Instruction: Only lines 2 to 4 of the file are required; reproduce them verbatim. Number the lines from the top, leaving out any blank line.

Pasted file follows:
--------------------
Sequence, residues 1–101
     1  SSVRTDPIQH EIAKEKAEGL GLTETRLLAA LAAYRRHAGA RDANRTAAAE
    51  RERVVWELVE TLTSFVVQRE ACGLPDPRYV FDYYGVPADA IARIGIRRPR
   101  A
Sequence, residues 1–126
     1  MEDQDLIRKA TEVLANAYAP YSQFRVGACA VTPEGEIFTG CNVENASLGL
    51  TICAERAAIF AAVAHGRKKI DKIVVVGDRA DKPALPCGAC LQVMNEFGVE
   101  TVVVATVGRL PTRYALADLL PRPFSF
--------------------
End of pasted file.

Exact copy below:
     1  SSVRTDPIQH EIAKEKAEGL GLTETRLLAA LAAYRRHAGA RDANRTAAAE
    51  RERVVWELVE TLTSFVVQRE ACGLPDPRYV FDYYGVPADA IARIGIRRPR
   101  A